Home is Where the Art's Place Is

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We all need a place to call home; a proverbial hearth that simultaneous garners sanctuary, familiarity, and inspiration alongside the people we love and cherish.  Home is not simply a place, but rather a state of mind and, at times, even of taste, touch, and smell.  The fragrance of freshly brewed coffee, frying bacon, and cigarette smoke transcends me to my childhood and the home kitchen of my grandma Dighero as she poetically maneuvers through her standard, grease laden daily breakfast.  No matter when:  childhood, adolescence, adulthood….I could count on those three intermingled perfumes to make me feel safe, and perpetually hopeful. 

I’m asked on a weekly basis:  where’s your favorite restaurant, who makes the best burger, what’s your favorite beer, where do you go for a drink?  I typically derive answers based on the party questioning, and my answers to the independent questions alter day to day, depending on my mood.  However, the sum of all of those inquiries together lead me to one, undeniable location in Fayetteville:  Arts Place Bar and Grill.  {Notice, there is no “E” at the end of grill}

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Dark, brooding, smoky, embellished with sounds of pool balls “clacking” intermittently beneath laughter, “rhubarb rhubarb rhubarb” muttering, and the unmistakable “sizzle” of burgers on a flat top grill.  Ahhh, this is home…this is where I come to make business deals, to celebrate the lives of contemporaries, to mourn the loss of important family, to be alone, to be part of a crowd, to break-up, to fall in love, and to, most importantly of all, drink a beer and devour the best cheeseburger on the planet.

There’s really nothing stylized about the Art’s Place burger; it’s an archetype of perfection, but one should never expect something groundbreaking or cutting edge.  The beef patty is fried in front of you, behind the bar on a flat top grill that has been seasoned with whiskey, bar brawls, and a million lonely hearts, then stratified with mayo, sliced tomato, cold iceberg lettuce, and thick sliced white onions…be sure to ask for extra crispy fries; and don’t be offended if the pretty girl sitting next you at the bar pays you little mind, because she is, well, you’ll just have to see for yourself.

Art’s Place is a lot of things to a lot of people, myself included; but at the very least it’s an important part of the edible culture of Fayetteville, Arkansas.  It may not be your idea of home, sanctuary, inspiration…but I guarantee it’ll be the best burger you’ve had in a very, long time.

Originally published for Experience Fayetteville - February 2017


Blueberry Pie's Free Lovin' Hippie Cousin

Recently hosting a small dinner party, I needed to create a quick, summery dessert with rustic appeal; so after a quick trip to the Fayetteville Farmers' market I devised a recipe for a simple, endearing Blueberry Crostata, a nuanced, slightly free form version of pie.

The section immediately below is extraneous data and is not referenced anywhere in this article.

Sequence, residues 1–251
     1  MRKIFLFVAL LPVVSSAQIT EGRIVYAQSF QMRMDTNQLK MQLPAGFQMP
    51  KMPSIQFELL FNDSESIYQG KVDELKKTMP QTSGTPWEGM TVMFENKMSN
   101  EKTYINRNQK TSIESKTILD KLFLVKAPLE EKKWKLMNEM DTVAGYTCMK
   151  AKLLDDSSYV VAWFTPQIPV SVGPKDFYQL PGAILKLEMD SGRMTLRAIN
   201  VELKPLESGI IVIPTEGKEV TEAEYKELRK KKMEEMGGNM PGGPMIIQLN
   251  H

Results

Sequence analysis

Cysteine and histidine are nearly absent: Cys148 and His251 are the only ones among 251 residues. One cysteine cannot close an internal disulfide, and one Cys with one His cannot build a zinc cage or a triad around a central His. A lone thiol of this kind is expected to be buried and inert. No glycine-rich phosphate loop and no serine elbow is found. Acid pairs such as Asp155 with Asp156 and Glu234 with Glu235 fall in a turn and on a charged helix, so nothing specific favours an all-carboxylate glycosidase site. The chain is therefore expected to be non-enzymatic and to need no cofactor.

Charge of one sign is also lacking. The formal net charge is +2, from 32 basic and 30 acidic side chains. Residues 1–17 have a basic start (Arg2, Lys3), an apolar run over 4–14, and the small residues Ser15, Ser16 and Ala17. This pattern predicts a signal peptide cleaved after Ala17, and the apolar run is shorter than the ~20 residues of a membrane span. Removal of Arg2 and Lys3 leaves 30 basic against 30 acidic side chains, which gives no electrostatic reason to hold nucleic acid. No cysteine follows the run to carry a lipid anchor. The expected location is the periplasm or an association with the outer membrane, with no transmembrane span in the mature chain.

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Blueberries are in full bloom, so take advantage while you can - and feel free to add or substitute any of the other raspberries, blackberries that are also available at the market.  Fresh is the secret to the filling, soul of this dessert - if you attempt this recipe with canned or frozen berries you will fail miserably, and your friends with abandon you.

One additional virtue for our Ozark Blueberry Crostata is the incredibly rich, delicious, and EASY crust - only a few ingredients and the use of your freezer make this one a keeper.   And since we're not using a tart or pie pan, the end result is utterly free form and rustic - which is great if you're cooking with your kids or in need of a quick, memorable dessert this summer.

High South Blueberry Crostata

The Dough

1 1/2 Cups AP Flour

3 Tablespoons White Sugar

Pinch of Salt

1 Stick of Salted Butter, cubed

3-ish Tablespoons of Really Cold Water

The Filling

3 Cups Fresh Blueberries

3 Tablespoons White Sugar

2 Tablespoons Lemon Juice

1 Pinch of Cinnamon

1 Whole Egg, beaten but not berated

1 Teaspoon Flaky Maldon Salt

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Whisk together the flour, sugar and salt; then add butter cubes, toss until cubes are coated; place in freezer to chill out for 20 minutes or so.

Place chilly flour, butter combination into a food processor; pulse and grind until small pea sizes form; slowly add water until dough ball forms.  Turn dough onto a flat surface or board, use additional flour if dough is too wet; press into small salad plate size, then allow to chill in fridge while you construct blueberry filling.

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Pre-heat oven to 400 degrees; line a sheet pan with Pam sprayed parchment (I actually used a perforated pizza pan); remove the dough from cooler, dust with flour, and roll into a 12 to 14 inch oval or circle - no more than a 1/2 inch thick.  Move dough to prepared sheet pan.